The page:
U.S. Fish and Wildlife Service Lists Three South Florida Plants as Endangered
October 23, 2013
- Ken Warren - USFWS, phone: (772) 469-4323, email: email@example.com
- Tom MacKenzie - USFWS, phone: (404) 679-7291, email: firstname.lastname@example.org
VERO BEACH, FL. - The U.S. Fish and Wildlife Service is listing three plant species native to south Florida as endangered under the Endangered Species Act (ESA). These three species are the Cape Sable thoroughwort, Florida semaphore cactus, and Aboriginal prickly-apple.
The Cape Sable thoroughwort was historically known from Monroe County, both on the Florida mainland and the Florida Keys, and in Miami-Dade County along Florida Bay. The thoroughwort’s current range includes areas in Everglades National Park and five islands in the Florida Keys. A flowering perennial herb, the Cape Sable thoroughwort occurs in rockland hammocks, coastal hardwood hammocks, buttonwood forests, coastal rock barrens, and coastal berms.
The Florida semaphore cactus was historically known from three islands of the Florida Keys in Monroe County and an island in Biscayne Bay in Miami-Dade County. Its current range includes two naturally occurring populations, one on Biscayne National Park and one on The Nature Conservancy’s lands. The Florida semaphore cactus is found in hardwood hammocks near sea level and low elevation buttonwood forests in the transitional area between rockland hammocks and mangrove swamps.
The Aboriginal prickly-apple was historically known from coastal habitats of southwest Florida along the Gulf coast in Manatee, Charlotte, Sarasota, and Lee counties. The prickly-apple was documented on six keys along approximately 78 miles of coastline. The northern extent of its historic range in Manatee County has since been lost is now found on along only 62 miles of coastline. A cactus, the Aboriginal prickly-apple is found in coastal berms, coastal strand, maritime hammocks, and coastal grasslands with a sand substrate. It also occurs on shell mounds created by Native American cultures.
The Service’s final rule listing all three plants as endangered appears in the October 24, 2013 Federal Register. The protection for these three plants under the ESA becomes effective on November 25, 2013, 30 days after the rule is published in the Federal Register. For endangered plants, it is illegal under the ESA to take, damage, or destroy any such plants, from areas under federal jurisdiction or in knowing violation of any law or regulation of any State; or to possess, import, export or conduct interstate or international commerce without authorization from the Service. The ESA also requires all federal agencies to ensure actions they authorize, fund, or undertake do not jeopardize the existence of listed species.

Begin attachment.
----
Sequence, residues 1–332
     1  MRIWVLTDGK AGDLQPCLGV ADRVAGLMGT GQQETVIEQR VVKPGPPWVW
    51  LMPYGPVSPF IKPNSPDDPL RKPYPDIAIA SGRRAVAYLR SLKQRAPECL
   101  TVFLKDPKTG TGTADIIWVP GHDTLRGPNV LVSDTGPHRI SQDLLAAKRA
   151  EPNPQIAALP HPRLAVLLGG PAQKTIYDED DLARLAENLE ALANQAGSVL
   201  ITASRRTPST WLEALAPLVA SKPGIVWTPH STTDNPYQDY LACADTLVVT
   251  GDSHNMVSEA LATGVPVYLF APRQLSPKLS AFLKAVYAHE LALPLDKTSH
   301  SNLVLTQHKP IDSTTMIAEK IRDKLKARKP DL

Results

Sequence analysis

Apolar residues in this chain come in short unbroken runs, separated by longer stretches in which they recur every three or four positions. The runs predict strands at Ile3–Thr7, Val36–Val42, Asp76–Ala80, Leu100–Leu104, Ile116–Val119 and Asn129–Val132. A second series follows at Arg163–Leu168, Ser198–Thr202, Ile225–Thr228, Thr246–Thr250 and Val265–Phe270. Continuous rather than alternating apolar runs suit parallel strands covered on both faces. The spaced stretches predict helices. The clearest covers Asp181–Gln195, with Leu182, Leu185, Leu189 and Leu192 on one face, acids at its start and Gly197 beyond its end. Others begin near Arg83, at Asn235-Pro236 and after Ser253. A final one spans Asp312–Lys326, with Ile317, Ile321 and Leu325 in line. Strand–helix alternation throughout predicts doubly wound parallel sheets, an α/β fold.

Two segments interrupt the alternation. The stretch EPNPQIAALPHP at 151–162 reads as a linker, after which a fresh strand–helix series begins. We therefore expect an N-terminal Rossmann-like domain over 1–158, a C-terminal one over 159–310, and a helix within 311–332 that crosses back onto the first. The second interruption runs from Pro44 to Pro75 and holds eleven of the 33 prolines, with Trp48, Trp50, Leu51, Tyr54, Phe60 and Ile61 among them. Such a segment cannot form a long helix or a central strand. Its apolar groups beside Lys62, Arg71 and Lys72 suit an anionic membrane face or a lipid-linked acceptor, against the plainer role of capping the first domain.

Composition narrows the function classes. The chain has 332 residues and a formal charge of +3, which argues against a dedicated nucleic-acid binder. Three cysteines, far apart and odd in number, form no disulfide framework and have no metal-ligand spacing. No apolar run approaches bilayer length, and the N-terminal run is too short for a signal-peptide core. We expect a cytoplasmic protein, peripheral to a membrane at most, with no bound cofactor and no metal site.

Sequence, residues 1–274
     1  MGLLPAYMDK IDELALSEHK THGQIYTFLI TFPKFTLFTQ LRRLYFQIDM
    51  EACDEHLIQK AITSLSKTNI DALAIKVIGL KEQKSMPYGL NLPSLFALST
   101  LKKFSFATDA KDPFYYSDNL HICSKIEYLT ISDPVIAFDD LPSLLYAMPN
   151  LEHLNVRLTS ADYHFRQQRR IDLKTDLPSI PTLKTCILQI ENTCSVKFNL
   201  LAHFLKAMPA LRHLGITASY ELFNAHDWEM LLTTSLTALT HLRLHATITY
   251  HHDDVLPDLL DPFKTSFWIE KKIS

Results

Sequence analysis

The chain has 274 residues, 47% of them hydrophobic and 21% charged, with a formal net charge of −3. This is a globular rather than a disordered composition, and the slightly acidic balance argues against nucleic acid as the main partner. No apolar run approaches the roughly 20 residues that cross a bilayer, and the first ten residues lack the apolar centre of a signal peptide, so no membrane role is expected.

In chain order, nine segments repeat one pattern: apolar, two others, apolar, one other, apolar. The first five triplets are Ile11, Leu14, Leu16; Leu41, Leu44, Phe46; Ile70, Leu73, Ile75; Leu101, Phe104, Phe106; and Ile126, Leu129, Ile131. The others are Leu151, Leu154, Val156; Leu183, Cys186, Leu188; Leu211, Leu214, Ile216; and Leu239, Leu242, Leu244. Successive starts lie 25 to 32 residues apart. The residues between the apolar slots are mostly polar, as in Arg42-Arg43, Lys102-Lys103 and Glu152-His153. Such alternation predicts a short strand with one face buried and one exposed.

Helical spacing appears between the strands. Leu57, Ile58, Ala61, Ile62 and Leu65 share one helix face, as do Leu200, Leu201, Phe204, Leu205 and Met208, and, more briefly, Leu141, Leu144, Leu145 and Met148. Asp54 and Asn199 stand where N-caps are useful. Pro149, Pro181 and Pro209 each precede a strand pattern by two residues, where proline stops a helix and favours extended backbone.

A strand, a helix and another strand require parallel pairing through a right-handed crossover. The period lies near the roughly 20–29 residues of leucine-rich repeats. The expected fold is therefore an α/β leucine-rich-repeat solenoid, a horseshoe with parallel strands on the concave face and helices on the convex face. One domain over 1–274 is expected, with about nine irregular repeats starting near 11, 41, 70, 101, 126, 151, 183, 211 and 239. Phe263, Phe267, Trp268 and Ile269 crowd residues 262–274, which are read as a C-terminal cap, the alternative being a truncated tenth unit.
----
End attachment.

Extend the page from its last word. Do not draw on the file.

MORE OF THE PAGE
The listing of these three plants is part of the Service’s effort to implement a court-approved work plan that resolves a series of lawsuits concerning the agency’s ESA Listing Program. The intent of the agreement is to significantly reduce litigation-driven workloads and allow the agency to focus its resources on the species most in need of the ESA’s protections over the next five years.
The ultimate goal of the ESA is the recovery of these three plants, so that they no longer need the protective measures of the ESA. The Service will now develop a recovery plan for the three species and work cooperatively with partners to conserve their habitats.
The Service initially proposed to protect these three Florida plants and sought public comment on October 11, 2012, and again sought public input on August 7, 2013. All comments received are posted at http://www.regulations.gov and are addressed in the final listing rule. For more information about these three plants and the final rule, please visit www.fws.gov/verobeach or the Federal Register at http://www.regulations.gov, Docket FWS-R4-ES-2012-0076.
All three plants are currently at risk of extinction throughout all of their respective ranges due to the immediacy, severity, and scope of threats from habitat destruction and modification. Additional threats occur for the two cacti, Florida semaphore cactus and Aboriginal prickly-apple, in the form of overutilization, collection, poaching, and vandalism. The Florida semaphore cactus also is affected by disease and predation by the nonnative Cactus Moth.
The mission of the U.S. Fish and Wildlife Service is working with others to conserve, protect, and enhance fish, wildlife, plants, and their habitats for the continuing benefit of the American people. For more information on our work and the people who make it happen, visit www.fws.gov/southeast. Connect with us on Facebook at www.facebook.com/usfwssoutheast, follow our tweets at www.twitter.com/usfwssoutheast, watch our YouTube Channel at http://www.youtube.com/usfws, and download photos from our Flickr page at http://www.flickr.com/photos/usfwssoutheast.